David J. This posting is provided "AS IS" with no warranties, and confers no rights. Please remember to click “Mark as Answer” on the post that helps you, and to click “Unmark as Answer” if a marked post does not actually answer your question. This can be beneficial to other community members reading the thread.
    Hope it helps :)
    • Marked as answer by Julio99 Thursday, May 9, 2013 10:26 PM
    Thursday, May 2, 2013 10:18 PM

All replies

  • I don't remember exactly what the threshold is but, this took 65 seconds which is why you are seeing that event.


    Please remember to click “Mark as Answer” on the post that helps you, and to click “Unmark as Answer” if a marked post does not actually answer your question. This can be beneficial to other community members reading the thread. ” How to ask a question that is fixable.

    Wednesday, May 1, 2013 4:09 PM
  •   I don't understand your answer at all. 65 seconds for a computer especially Windows is nothing. I am sending you another screen from 4/28 that the boot time is the exact same without the error. My problem is why is there an error now and there wasn't an error on the 28th. There are no error indicators like 101, 102, 103....... are you following me here. Usually Windows attaches a number to their errors to give you a sense of what is causing the error in the first place. These last ones that I have had all have error next to the 100 but what is the reason I'm getting an error???? 65 seconds sure isn't the error, I've had boot times in Windows that has been close to 3 mins. with an error but there was an explanation as to why.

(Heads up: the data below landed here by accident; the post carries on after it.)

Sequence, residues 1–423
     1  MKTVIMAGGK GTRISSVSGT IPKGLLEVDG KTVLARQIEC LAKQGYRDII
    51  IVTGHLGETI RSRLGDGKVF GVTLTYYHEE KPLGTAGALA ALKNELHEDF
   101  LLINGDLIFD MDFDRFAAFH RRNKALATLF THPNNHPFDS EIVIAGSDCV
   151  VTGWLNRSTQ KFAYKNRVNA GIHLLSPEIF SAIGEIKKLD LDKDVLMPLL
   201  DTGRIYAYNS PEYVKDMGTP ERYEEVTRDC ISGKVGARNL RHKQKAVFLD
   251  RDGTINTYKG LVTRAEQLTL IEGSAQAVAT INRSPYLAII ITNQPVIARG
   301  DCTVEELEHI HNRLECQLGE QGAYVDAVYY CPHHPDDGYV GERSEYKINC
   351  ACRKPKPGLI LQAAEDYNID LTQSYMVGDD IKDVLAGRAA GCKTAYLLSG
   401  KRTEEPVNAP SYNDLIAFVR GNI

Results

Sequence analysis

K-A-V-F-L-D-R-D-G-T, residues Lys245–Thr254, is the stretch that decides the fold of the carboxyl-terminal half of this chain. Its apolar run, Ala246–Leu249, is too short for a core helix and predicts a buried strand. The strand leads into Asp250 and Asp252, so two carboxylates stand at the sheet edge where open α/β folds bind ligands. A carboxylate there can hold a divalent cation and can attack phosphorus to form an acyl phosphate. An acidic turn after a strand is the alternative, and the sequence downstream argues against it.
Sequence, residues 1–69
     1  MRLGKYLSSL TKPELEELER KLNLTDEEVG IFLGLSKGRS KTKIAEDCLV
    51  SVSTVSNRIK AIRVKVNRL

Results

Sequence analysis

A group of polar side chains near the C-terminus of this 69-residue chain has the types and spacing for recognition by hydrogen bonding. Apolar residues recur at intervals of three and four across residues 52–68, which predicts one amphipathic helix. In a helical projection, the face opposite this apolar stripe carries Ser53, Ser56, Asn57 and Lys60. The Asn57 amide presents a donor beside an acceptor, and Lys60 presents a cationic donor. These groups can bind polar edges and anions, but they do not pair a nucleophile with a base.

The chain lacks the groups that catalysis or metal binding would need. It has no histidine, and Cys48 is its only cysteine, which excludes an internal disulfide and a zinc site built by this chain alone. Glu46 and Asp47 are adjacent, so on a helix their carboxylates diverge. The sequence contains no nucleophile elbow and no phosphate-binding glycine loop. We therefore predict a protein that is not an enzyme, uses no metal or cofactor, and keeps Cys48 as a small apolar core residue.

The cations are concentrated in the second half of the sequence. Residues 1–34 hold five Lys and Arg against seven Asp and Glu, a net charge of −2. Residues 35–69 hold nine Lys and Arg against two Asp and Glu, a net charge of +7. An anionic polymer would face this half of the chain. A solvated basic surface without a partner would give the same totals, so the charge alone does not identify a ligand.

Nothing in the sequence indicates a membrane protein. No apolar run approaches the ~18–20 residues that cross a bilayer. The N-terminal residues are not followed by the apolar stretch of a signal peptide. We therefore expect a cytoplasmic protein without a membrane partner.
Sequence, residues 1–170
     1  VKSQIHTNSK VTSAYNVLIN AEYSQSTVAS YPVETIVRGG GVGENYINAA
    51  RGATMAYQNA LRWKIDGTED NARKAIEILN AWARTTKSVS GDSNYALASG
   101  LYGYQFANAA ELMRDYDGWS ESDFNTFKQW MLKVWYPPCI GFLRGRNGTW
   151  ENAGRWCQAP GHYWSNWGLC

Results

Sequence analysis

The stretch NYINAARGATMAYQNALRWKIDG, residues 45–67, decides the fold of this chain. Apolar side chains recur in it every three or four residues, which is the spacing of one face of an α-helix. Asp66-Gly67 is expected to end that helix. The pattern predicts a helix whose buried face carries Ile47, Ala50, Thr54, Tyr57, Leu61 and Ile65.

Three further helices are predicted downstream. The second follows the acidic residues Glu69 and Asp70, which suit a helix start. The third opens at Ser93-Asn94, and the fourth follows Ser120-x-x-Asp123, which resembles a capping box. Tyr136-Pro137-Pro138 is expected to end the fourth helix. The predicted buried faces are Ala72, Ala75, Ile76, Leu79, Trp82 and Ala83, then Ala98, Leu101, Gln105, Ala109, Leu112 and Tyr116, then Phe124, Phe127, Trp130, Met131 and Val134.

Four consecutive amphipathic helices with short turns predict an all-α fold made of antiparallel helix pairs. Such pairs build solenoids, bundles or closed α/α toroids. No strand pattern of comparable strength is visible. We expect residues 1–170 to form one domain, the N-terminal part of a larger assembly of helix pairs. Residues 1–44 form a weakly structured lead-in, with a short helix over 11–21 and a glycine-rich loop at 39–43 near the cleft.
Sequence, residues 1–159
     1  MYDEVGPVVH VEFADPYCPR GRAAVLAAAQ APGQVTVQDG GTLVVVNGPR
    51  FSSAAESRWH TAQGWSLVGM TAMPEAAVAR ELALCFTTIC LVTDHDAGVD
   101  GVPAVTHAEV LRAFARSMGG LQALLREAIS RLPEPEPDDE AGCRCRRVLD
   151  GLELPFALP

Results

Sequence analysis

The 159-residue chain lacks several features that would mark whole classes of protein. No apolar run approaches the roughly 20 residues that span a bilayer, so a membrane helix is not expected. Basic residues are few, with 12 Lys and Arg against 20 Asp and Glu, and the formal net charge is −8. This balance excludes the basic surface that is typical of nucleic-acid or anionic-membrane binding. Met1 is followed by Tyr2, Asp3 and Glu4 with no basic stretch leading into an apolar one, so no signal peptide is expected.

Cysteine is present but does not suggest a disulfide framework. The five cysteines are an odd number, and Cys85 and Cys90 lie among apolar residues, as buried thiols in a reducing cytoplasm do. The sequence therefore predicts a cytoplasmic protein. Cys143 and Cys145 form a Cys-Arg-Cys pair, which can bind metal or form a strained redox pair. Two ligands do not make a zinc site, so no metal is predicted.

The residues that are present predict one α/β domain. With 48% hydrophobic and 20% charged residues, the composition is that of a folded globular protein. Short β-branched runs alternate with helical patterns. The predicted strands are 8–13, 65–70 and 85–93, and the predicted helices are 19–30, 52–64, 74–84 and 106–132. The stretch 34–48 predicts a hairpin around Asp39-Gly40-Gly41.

Remember, I am asking about the error not the fact that the Event is posted.

    • Edited by Julio99 Wednesday, May 1, 2013 7:23 PM
    Wednesday, May 1, 2013 7:21 PM
  • Here's a pretty informative post from InformationOverload on what those events mean and what triggers them:


    These events are defined in Windows Source code

     

    PostBootMinorThreshold_Sec(30)     // The time in seconds for postboot must exceed to consider minor issue.

    PostBootMajorThreshold_Sec(60)   // The time in seconds for postboot must exceed to consider Serious issue.

    BootMinorThreshold_Sec(60)         // The time in seconds excluding postboot must exceed to consider minor issue.

    BootMajorThreshold_Sec(120)        // The time in seconds excluding postboot must exceed to consider Serious issue.